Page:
On 9 November 2018, an appreciative audience gathered at Old Government House to experience a recreation of a concert held in exactly the same location on the same date 112 years before, in 1906. The original concert celebrated King Edward VII’s birthday, and the version presented by Soirées Musicales Quintette replicated the original program faithfully. (Except for one piece, which appears to have never been published – more about that further on.)
Under the stunning, earring-like chandelier mimicking the cascading seed pods of a Bangalow palm, cloaked by rich wood panelling, parchment-coloured walls, floorboards muffled with a bold, contemporary designed rug, the grandeur of Old Government House set the scene for a evening of time travel.
The program opened with a Schumann piece for solo piano arranged by Liszt – Devotion – an appropriate title for the original 1906 concert which was, in addition to celebrating the King’s birthday, dedicating the then-new Bechstein piano to its new southern hemisphere home in Brisbane’s Old Government House (then simply known as Government House).
Peter Roennfeldt’s lyrical treatment let the piano – the same Bechstein, still in fine condition – tell its story through its warm, clear tone. During Liszt’s dramatic chords, the four vocal soloists appeared at the top of the grand staircase, slowly making their way down to the first landing. Introducing the first of four partsongs, Robert Lucas de Pearsall’s O, who will O’er the Downs revealed the singers’ strengths with an even, balanced interpretation.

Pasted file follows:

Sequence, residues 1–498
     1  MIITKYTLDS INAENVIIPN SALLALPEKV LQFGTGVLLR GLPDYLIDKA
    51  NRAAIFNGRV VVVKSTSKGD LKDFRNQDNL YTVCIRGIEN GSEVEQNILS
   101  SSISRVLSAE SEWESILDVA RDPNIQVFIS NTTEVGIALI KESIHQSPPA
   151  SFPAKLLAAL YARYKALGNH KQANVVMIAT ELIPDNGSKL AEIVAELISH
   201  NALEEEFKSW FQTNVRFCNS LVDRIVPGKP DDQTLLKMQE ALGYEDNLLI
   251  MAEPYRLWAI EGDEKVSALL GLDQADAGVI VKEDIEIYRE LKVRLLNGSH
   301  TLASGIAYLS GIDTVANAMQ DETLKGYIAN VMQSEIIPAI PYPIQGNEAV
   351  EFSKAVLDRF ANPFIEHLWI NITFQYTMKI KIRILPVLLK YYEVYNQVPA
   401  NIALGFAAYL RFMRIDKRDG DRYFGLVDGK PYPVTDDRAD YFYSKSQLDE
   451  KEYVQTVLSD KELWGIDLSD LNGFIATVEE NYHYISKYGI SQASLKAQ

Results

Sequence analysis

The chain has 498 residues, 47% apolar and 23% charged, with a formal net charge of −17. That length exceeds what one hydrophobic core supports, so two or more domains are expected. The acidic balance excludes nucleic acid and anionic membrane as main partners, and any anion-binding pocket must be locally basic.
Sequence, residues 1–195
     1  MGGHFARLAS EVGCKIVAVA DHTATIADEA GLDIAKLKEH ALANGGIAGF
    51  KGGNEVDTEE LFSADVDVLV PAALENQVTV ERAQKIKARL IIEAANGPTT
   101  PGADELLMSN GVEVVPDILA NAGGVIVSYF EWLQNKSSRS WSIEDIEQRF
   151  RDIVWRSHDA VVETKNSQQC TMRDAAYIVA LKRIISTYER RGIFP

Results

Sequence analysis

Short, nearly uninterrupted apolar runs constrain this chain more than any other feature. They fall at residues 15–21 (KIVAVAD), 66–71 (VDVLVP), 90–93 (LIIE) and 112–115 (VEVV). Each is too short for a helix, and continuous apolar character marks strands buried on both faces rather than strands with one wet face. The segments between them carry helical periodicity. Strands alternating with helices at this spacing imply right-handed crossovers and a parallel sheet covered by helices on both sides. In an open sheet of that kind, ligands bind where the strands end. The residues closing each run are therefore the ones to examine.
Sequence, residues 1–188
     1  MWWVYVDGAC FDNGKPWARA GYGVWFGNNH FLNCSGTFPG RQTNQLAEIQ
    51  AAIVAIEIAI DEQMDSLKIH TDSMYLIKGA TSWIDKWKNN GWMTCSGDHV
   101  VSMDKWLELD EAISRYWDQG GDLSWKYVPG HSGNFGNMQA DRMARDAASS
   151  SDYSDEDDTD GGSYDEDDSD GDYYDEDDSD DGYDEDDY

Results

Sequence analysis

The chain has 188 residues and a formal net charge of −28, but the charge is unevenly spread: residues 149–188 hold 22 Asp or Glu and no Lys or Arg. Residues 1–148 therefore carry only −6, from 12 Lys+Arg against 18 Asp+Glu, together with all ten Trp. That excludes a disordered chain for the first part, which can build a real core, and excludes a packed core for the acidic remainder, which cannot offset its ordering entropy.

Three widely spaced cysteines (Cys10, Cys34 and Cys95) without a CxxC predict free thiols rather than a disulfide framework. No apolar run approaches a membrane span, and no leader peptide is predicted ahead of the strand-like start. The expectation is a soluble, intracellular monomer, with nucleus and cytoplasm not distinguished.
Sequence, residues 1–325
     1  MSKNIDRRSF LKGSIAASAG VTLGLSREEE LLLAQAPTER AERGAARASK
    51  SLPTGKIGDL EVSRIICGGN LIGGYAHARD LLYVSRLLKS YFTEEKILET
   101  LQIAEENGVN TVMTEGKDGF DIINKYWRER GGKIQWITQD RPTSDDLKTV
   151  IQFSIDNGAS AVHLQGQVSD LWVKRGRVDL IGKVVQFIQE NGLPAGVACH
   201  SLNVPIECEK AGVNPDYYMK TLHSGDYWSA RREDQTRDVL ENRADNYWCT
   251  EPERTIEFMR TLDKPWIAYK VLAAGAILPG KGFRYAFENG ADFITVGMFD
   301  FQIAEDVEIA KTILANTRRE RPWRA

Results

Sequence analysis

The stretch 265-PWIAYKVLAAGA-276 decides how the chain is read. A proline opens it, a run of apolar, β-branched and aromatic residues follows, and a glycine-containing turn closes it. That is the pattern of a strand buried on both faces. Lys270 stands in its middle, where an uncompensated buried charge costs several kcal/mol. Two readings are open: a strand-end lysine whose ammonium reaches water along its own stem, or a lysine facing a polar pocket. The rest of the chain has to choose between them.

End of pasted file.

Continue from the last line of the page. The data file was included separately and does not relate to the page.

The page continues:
The next piece was the sweet, lullaby-like O Hush Thee, My Babie by Arthur Sullivan, better known for his collaboration with WS Gilbert, but notable on his own merits.
Bringing a nice touch to the Mozart aria Non mi dir from Don Giovanni, Annie Lower slowly descended the stairs singing and gesturing to Matthias Lower – moments of coloratura bristling with emotion. Mirroring the dramatization, Matthias Lower sang the next piece, Beloved, it is morn, to his real-life beloved, Annie Lower, gently touching her cheek in a moment of tenderness, reflecting the lyrics by Irish poet Emily Hickey. Roennfeldt’s accompaniment ensured the Bechstein sang its own bright song, particularly shining in the Mozart aria.
Dvorak’s String Quartet in F, ‘The American’ was warmly expressed by the string quartet – Margaret Connolly and Helen Travers on violin, Nicholas Tomkin, viola and Daniel Curro, cello. The acoustics of the space were well suited to the string instruments. The audience erupted into rousing applause as the finale drew to its dashing finish.
More performer interaction next, as baritone Leon Warnock offered soprano Rachael Griffin a rose, leading into her beautifully sincere rendition of Se Saran Rose by Luigi Arditi (Melba’s waltz song). In Gounod’s aria from The Queen of Sheba – She alone charmeth my sadness, Warnock’s mellifluously rich voice reverberated off the wood panelling, supported by equally dramatic accompaniment.